The UK government has finally shelved plans to implement the so-called ‘porn block’, which has been continually delayed since its proposal in 2015 due to technical difficulties and privacy concerns.

In an effort to stop under-18s from accessing porn online, the UK government initially set out to impose age verification tools on adult content, a measure which was due to come into effect on July 15 of this year but was postponed indefinitely in June.

In addition to the technical troubles of implementing the age checks, the plans sparked concerns among online privacy and security professionals who believed that the verification system could put the public’s personal data at risk.

Dr Joss Wright, a senior research fellow at the Oxford Internet Institute said: “There’s serious security issues from requiring people to enter their credit card details into untrusted sites,” not to mention that it requires people to “effectively announce the fact they are looking at this material to the credit card authorities.”

The government had put the British Board of Film Classification in charge of overseeing the ID verification system, which would be run by private companies, some of whom had close links to pornography providers.

There was some support for the policy, too, with the backing of charities such as the NSPCC which was concerned about the impact of pornography on children and believed that the proposed measures were “important first steps” but “[didn’t] go far enough.”

The news of the policy’s abandonment was delivered to parliament by culture secretary Nicky Morgan, who said that the government would instead focus on measures to protect children in the Online Harms White Paper, which “sets out the government’s plans for a world-leading package of online safety measures.”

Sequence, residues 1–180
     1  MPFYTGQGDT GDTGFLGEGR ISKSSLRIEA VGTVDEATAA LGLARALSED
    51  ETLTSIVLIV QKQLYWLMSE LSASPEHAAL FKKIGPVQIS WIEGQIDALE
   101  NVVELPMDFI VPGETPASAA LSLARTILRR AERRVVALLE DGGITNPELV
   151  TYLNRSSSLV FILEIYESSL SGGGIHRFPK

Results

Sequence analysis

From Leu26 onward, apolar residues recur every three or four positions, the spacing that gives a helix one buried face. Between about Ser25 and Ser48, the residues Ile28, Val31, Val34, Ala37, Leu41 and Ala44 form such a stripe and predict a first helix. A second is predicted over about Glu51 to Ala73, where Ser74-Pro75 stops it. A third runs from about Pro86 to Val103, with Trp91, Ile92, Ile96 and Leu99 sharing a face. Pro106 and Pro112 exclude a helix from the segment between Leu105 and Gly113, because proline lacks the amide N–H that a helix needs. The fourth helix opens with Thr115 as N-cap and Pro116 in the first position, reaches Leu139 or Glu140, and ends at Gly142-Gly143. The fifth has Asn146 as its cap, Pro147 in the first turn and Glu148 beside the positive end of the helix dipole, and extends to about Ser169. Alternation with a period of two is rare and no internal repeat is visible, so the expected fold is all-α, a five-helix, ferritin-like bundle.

Included in this White Paper is the proposal for an independent regulator that will oversee duty of care towards users not only for porn websites but across all websites and social media outlets.

“This course of action will give the regulator discretion on the most effective means for companies to meet their duty of care,” Morgan said.

“The government’s commitment to protecting children online is unwavering. Adult content is too easily accessed online and more needs to be done to protect children from harm,” she continued.

However, a report about online harms by Top10VPN.com and Open Rights Group reveals the dangers of censoring online content, citing the thousands of websites that have already been blocked by “overzealous” ISP content filters, including charities, schools, and social support websites.

Writing about the report, head of research at Top10VPN.com Simon Migliano said: “Our investigation found the crude approach to adult content filtering adopted by the ISPs means in-need adults are being prevented from accessing vital information and support.

“Website owners are also affected: charities and support services are being stifled in their missions, while small business owners are losing customers and suffering damage to their reputations.”

The new plans for the Online Harms White Paper raise fresh concerns for UK citizens’ online freedoms.